Maryland’s quaint waterfront capital delivers historic charm, delicious local food and an enticing array of short adventures and side trips to satisfy a wide range of visitors
It was the view that hooked me right away. Looking out from my hotel room’s balcony at the docks, the boats and the expanse of Chesapeake Bay before me, I knew I’d found a special place, and not just the balcony (which I’d enjoy both later that evening and for a glorious sunrise the following morning). I was keen to get out to explore the waterfront and the historic districts of this refreshingly small and walkable capital city.
While Annapolis may be well-known to day-trippers from nearby Baltimore and Washington, D.C. (both around 50 km away) it remains well off the radar for most of us in Canada and North East US. However, it’s charming enough to warrant its own weekend trip, or at least an overnight while visiting the U.S. capital or another highlight of the region. Here are some ideas for your visit.
How to get to Annapolis and where to stay
While we dream about sailing or cruising into town on a luxury yacht (you can do that) the average Canadian visitor will either drive or fly. It’s a manageable and scenic eight hour drive from Toronto and nine hours from Montreal. There are many direct flights into Baltimore-Washington International airport about 40 km from Annapolis. A car rental or paid shuttle service will get you to Annapolis.
As I’ve already mentioned it, I’d highly recommended trying to get a room with a balcony facing the water at the Annapolis Waterfront Hotel. Weather depending, aim to rise with the sun. The balconies face east so you can sit out and take in the fresh morning air, the waters of the Bay smooth as glass, and the warmth and colours of the sunrise.
The view from the balcony at the Annapolis Waterfront Hotel
There is a larger, slightly more upscale Westin Annapolis about a mile inland from the harbour, but it doesn’t enjoy the harbour views and proximity. There is also a selection of bed & breakfast accommodations scattered throughout town.
Get out on the Bay
At some point you really need to get out onto the water. Located right below our balcony, and right out the back of hotel was the mooring for Annapolis Sailing Cruises, a Annapolis experience staple, featuring their two wooden, 74 foot schooners, the Woodwind and the Woodwind II. The ships are beautiful, in immaculate condition and crewed by friendly professionals, happy to get you involved in the craft of sailing. Quick fact, Annapolis is known as “America’s Sailing Capital.”
Sailor for a day on the good schooner Woodwind
One of their ships had a starring role in the movie, The Wedding Crashers, and you should probably watch a clip of that on YouTube ahead of time just for fun. The schooner cruise is a fantastic way to spend a couple of hours, enjoying a couple drinks and a picnic on the waves while taking in the views of the harbour, the Bay, the coastline and a one-of-a-kind historic lighthouse, the Thomas Point Shoal Light.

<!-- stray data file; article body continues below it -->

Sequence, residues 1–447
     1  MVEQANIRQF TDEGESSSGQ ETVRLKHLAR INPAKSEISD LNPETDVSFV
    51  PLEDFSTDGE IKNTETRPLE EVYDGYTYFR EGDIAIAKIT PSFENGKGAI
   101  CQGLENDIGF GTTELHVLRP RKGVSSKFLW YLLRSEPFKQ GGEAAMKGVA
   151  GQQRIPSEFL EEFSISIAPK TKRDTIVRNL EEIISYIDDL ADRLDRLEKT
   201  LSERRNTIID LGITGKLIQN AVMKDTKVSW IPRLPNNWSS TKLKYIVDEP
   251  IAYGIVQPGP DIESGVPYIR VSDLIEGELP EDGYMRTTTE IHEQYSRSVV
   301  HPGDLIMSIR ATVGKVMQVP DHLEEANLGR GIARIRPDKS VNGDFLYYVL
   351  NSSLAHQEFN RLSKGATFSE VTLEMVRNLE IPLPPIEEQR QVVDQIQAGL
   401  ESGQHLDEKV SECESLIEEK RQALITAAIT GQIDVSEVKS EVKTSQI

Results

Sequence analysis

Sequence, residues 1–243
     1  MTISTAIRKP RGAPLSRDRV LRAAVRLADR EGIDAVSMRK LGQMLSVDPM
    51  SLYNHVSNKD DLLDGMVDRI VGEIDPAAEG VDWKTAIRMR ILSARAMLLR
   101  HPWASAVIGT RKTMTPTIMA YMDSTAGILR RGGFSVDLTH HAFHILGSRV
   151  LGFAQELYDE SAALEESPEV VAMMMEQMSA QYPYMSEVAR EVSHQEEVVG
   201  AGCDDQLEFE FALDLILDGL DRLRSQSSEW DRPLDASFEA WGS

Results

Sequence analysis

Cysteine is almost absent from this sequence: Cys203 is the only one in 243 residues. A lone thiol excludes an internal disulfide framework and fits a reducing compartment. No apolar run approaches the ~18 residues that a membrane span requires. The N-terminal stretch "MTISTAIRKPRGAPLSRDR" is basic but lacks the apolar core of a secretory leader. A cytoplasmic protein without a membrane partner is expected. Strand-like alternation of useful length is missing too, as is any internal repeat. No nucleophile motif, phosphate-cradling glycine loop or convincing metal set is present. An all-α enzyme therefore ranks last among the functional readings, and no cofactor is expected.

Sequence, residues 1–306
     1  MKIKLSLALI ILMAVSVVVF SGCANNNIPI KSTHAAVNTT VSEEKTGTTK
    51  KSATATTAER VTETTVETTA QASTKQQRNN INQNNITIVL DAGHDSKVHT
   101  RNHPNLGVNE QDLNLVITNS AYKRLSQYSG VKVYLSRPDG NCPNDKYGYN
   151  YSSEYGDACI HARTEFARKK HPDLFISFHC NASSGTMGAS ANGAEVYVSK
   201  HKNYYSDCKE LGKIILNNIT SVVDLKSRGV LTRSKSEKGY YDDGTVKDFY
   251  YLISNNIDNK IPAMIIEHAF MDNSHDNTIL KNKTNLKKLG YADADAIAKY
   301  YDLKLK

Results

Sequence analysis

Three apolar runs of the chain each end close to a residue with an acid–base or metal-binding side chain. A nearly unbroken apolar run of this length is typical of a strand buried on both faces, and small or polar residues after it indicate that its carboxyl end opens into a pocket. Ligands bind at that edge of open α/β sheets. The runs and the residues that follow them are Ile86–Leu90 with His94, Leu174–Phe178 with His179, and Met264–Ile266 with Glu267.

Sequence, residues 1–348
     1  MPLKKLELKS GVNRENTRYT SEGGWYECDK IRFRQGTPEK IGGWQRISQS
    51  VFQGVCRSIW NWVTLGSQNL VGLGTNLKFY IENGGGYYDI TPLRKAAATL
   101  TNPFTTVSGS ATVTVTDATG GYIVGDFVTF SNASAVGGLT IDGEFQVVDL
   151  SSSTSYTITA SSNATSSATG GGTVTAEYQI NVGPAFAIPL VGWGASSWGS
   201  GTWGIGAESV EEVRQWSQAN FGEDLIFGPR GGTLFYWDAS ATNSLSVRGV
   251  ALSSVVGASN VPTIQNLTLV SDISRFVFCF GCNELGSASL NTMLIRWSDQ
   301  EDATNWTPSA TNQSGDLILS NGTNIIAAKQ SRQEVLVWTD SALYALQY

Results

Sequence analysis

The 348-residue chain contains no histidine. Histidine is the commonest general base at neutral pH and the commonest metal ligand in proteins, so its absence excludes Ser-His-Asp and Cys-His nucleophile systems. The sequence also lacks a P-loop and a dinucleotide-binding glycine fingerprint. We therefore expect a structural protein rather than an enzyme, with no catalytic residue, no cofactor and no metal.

Our closeup view of the iconic Thomas Point Shoal Light
Explore the shops and cafés around the harbour and along Main Street, day or night
Shopper or not, you’ll be charmed by the 18th century architecture, red brick roads and sidewalks, and a wide array of boutiques, art galleries, cafés and restaurants. The backdrop of the Annapolis harbour and its sailing ships makes for a postcard stroll while browsing for gifts or enjoying a coffee on an outdoor patio.
With a population of barely 40,000, Annapolis hosts more 18th century buildings than any other American city. The waterfront area is officially designated as a National Historic Landmark as well as a National Historic Treasure.
The red bricked Main Street in downtown Annapolis
Tour the US Naval Academy
To some, Annapolis may be best known as the home of the United States Naval Academy with around 4,400 “midshipmen” studying and training here at any given time. Its counterpart for the Army is at Westpoint and the Air Force (think Top Gun) is Colorado Springs.
You can arrange a guided walking tour of the Academy, which was founded in 1845 at the site of an old fort on the water. The tours are usually conducted by a local with a keen love for the history, trivia and stories of the Academy and its notable buildings and training grounds. Bring your passport, you’ll need it to get past the guards into the grounds.
One of the main gates to enter the U.S. Naval Academy with the Navy motto “Ex scientia, tridens”
Football fans will all be aware of the Army-Navy rivalry, the most famous, longest running televised (since 1945) annual match-up. And while that particular game is usually played in Philadelphia, the Navy football team trains and plays its six home games in Annapolis. Definitely a unique sports experience worth catching if the timing is right, and this past season saw a particularly strong Navy team go on to win all six of their home games in front of appreciative fans.